Steve received his PhD from the University of Western Ontario in Microbiology & Immunology and had focused on studying the pathogenic events in early HIV and SIV infection. He did his post-doc at the University of Pennsylvania with Dr. Guido Silvestri where he began his work studying how African monkey species avoid AIDS despite lifelong SIV infection, and his post-doctoral work he was awarded a Canadian Institutes of Health Research Fellowship, and one of 5 Young Investigator Awards from the Global HIV Vaccine Enterprise. In 2010 he moved to Emory University and the Yerkes Primate Center as a Research Faculty. In 2012 he founded a Core laboratory specializing in applying genomic technology to the study of primates and the study immune system. In 2016, he was appointed to the Department of Pathology & Lab Medicine.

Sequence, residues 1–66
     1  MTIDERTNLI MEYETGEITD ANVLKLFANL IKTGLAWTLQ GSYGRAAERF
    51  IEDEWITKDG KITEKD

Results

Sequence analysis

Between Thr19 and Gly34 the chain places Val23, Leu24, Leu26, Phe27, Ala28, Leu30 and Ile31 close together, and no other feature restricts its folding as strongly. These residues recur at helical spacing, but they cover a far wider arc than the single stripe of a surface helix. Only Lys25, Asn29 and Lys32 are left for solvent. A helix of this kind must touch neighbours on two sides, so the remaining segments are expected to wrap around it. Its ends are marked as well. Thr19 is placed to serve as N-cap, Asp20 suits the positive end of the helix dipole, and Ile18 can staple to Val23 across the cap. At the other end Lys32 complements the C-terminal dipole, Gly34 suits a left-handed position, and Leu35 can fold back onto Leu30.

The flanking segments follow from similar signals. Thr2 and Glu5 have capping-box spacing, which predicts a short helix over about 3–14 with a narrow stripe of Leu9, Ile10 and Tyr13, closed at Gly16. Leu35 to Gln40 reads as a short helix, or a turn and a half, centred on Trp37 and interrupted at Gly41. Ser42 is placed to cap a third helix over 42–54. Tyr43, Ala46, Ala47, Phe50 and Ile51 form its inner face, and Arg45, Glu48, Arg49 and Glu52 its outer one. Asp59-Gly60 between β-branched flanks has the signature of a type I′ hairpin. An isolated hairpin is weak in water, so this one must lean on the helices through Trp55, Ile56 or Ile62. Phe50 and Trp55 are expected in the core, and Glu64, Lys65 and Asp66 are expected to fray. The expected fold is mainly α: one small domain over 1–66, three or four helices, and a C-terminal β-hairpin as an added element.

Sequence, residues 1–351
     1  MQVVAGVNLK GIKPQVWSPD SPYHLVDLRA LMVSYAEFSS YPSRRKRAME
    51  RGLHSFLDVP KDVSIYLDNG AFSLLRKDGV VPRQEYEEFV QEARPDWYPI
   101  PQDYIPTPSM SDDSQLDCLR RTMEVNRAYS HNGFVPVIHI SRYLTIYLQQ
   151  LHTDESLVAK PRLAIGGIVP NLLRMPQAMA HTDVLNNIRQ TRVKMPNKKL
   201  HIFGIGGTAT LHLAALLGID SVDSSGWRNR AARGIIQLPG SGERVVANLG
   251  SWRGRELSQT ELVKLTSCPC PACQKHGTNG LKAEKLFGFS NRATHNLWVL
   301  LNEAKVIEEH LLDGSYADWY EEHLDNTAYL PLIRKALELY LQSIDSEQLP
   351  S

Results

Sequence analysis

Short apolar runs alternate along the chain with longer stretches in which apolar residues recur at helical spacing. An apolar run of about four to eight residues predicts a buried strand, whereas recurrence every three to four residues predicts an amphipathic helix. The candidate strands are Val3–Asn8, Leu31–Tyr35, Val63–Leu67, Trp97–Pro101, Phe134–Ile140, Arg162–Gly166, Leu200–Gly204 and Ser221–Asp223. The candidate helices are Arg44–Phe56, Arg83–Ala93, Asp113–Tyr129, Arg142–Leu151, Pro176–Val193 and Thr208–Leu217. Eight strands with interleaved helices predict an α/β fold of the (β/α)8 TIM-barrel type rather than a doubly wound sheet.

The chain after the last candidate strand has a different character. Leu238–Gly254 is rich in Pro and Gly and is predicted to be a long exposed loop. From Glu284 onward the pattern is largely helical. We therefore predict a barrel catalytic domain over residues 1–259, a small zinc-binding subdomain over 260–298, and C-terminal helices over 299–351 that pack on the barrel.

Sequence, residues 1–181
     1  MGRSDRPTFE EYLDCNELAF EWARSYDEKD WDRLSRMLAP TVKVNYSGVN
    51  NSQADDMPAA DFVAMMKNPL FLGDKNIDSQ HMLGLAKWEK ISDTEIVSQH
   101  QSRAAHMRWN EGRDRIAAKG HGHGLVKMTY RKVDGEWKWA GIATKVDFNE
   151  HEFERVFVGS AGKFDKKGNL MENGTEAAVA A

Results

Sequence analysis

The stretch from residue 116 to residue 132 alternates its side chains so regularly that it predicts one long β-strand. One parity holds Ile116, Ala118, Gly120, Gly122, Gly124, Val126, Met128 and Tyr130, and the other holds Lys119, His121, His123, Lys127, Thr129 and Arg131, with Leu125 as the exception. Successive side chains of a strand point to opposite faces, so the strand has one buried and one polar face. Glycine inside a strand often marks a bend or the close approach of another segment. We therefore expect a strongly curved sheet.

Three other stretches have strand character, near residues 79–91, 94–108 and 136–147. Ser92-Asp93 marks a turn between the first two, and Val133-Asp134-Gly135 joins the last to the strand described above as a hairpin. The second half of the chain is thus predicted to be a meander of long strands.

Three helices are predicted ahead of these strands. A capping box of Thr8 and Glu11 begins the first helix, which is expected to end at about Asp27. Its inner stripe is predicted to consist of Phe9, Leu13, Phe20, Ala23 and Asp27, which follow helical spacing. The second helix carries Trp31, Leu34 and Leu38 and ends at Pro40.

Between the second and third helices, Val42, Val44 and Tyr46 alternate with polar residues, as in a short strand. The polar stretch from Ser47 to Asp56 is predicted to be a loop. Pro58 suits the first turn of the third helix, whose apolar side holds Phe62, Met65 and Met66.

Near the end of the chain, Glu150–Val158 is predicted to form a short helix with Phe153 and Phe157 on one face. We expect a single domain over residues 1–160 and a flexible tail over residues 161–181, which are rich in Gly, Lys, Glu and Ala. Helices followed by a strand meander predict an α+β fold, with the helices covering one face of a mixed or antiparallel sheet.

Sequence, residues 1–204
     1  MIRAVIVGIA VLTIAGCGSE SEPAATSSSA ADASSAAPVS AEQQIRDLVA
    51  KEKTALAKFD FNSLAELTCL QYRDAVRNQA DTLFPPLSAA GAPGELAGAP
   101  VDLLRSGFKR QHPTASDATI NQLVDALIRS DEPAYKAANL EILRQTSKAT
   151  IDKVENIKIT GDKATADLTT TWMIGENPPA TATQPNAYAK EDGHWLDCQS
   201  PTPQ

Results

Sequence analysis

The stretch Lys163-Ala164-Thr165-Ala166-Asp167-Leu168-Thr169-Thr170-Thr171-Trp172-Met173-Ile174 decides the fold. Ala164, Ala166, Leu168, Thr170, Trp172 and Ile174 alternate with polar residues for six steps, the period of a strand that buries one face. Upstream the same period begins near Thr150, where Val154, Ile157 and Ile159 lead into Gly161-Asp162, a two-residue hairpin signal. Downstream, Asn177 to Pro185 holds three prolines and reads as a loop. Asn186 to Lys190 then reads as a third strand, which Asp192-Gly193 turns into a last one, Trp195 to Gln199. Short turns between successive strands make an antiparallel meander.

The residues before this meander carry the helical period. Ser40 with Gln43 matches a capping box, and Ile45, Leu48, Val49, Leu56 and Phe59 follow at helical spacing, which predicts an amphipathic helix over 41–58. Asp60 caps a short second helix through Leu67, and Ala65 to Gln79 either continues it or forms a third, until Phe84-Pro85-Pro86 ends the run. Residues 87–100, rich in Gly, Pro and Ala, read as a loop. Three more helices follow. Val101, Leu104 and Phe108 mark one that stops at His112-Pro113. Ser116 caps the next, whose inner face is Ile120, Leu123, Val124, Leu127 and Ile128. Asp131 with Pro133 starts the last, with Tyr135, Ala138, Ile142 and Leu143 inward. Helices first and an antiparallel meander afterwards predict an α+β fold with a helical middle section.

Dr. Bosinger’s contributions to AIDS research have demonstrated the role of interferon in AIDS pathogenesis and how it can be manipulated to reduce harmful inflammation and enable cure, and the development of genomic tools for the study of the immune system. Today he’s going to talk to about some exciting new data in the monkey model that sheds light on the immunopathogenesis of AIDS.